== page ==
One major bonus for FEMA in this disaster, say observers, is that Mr. Paulison is a 30-year firefighting veteran.

"No disrespect to previous FEMA chiefs, but Paulison understands the dynamics of fire and has been able to model FEMA into a better reactionary force because of it," says Reynolds.

But some critics have a different view, saying the San Diego episode shows that FEMA is too reactionary, and has given up on its earlier goal of preventing disasters rather than responding to them.

"The Bush administration and the federal government have still moved away from the FEMA approach of the '90s," says R. Scott Fosler, senior fellow at the University of Maryland who has studied FEMA. "That [approach] was to get both states and federal government to stop just responding to emergencies and instead look at why they occur and limit the liability ahead of time."

But he adds that "FEMA has learned from its past and now has people of responsibility that have professional expertise."

Although that expertise has contributed to smoother fire, evacuation, and shelter operations around San Diego, it is less so with federal operations outside the state, says Carson.

"It was wonderful that California called for additional help early and that the state drove fire engines from northern California," says Carson. "But if they had loaded firefighters and engines into US military planes on large scale, they would have been available way earlier."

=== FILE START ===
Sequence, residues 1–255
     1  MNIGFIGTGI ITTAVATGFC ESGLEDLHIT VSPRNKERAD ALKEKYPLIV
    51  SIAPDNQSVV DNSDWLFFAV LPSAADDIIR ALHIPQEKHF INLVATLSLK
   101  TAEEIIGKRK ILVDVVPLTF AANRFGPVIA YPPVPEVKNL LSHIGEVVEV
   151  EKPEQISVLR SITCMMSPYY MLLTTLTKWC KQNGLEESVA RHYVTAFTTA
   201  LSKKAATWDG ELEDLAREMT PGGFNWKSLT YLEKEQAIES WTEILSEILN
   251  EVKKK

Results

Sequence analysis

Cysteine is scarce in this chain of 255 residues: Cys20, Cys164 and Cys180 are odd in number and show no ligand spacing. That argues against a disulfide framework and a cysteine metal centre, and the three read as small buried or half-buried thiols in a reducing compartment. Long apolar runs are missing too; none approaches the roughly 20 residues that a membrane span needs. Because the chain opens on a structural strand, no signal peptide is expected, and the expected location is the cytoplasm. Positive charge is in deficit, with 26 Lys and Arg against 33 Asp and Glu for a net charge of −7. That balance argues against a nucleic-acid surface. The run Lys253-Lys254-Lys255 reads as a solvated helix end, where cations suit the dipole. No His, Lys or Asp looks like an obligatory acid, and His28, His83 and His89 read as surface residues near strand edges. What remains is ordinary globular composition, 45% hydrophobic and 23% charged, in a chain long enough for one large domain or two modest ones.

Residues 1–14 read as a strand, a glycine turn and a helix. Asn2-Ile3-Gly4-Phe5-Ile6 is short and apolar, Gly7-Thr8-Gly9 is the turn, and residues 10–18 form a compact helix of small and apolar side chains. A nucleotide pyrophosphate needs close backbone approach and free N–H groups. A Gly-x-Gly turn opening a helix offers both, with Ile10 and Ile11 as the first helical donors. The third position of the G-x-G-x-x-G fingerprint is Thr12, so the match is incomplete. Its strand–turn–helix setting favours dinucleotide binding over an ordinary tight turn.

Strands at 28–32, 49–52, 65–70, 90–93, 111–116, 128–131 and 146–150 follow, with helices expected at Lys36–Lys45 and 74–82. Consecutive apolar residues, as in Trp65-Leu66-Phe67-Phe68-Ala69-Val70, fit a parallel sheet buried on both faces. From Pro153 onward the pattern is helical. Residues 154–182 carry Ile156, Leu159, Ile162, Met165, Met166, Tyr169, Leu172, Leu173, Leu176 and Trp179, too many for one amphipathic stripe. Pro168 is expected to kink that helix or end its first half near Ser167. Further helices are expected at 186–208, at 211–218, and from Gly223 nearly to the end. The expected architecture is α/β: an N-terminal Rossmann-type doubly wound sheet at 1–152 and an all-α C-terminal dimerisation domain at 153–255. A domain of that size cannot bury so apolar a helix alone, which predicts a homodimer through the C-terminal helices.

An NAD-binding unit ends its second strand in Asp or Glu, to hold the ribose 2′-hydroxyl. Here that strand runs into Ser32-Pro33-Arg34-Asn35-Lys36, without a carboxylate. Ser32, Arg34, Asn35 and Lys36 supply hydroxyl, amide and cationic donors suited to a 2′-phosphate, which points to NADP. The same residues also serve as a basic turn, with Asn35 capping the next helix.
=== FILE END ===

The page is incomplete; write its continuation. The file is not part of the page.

Later stages of FEMA's effectiveness – how it handles fire claims and reimbursements – have not yet been assessed as officials continue to cope with fires that are still days from being put out.

Damage assessments are beginning to trickle in. Property damage in San Diego County alone is expected to total at least $1 billion, according to officials there Wednesday.

As of press time 16 wildfires have destroyed some 1,500 homes and burned nearly 600 square miles in the seven-county region. One person has been confirmed dead.

But at Qualcomm stadium on Tuesday, disarray was not in evidence.

"This is a very sad and hard time for me, but this is pretty well organized," says Michelle Christian, who fled her home in Ramona on Saturday night, taking her 18-month-old son and her dog to the stadium.

And Jennifer Dillon said she was grateful for clowns and face painters who roamed the stadium grounds, helping to make kids laugh. Booths were set up in every corner offering "everything from free phone calls to any place in the country to insurance claims help," she says.

But she still is a bit on edge about politician and government promises.

"I just hope that the promises to rebuild actually happen or I don't know what I'll do," she says.

Sen. Barbara Boxer (D) of California says since she was a state official during the 1989 San Francisco earthquake, FEMA has improved in getting out in front of problems and learning how to coordinate.

"The important difference between FEMA during Katrina and now is that they have actually learned to bring people together as a team," says Senator Boxer.

On Tuesday, President Bush declared a federal emergency for seven counties, which will hasten disaster-relief efforts. He is scheduled to tour the disaster area on Thursday with Governor Schwarzenegger.

Gordon Lubold contributed from Washington, and AP material was used in this report.